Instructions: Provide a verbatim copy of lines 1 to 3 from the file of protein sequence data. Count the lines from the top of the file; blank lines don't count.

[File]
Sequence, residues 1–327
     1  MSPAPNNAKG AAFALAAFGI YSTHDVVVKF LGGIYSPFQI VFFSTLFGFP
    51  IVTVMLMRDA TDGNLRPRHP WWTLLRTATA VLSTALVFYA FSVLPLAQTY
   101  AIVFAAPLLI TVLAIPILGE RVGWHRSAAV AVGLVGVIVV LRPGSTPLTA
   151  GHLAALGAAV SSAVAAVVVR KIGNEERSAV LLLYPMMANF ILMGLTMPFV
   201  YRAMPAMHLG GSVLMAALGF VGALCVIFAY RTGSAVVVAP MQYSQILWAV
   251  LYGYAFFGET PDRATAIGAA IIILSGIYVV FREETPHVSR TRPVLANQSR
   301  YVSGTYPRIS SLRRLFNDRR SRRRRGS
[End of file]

Sequence, residues 1–327
     1  MSPAPNNAKG AAFALAAFGI YSTHDVVVKF LGGIYSPFQI VFFSTLFGFP
    51  IVTVMLMRDA TDGNLRPRHP WWTLLRTATA VLSTALVFYA FSVLPLAQTY